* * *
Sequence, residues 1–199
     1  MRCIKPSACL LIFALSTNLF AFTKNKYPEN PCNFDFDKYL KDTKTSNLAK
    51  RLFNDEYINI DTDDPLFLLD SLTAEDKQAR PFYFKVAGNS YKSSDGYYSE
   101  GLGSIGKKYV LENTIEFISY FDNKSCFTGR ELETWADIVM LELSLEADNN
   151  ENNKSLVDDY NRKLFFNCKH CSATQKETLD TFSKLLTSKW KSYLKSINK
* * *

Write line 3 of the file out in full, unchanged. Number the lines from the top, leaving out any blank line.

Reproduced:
    51  RLFNDEYINI DTDDPLFLLD SLTAEDKQAR PFYFKVAGNS YKSSDGYYSE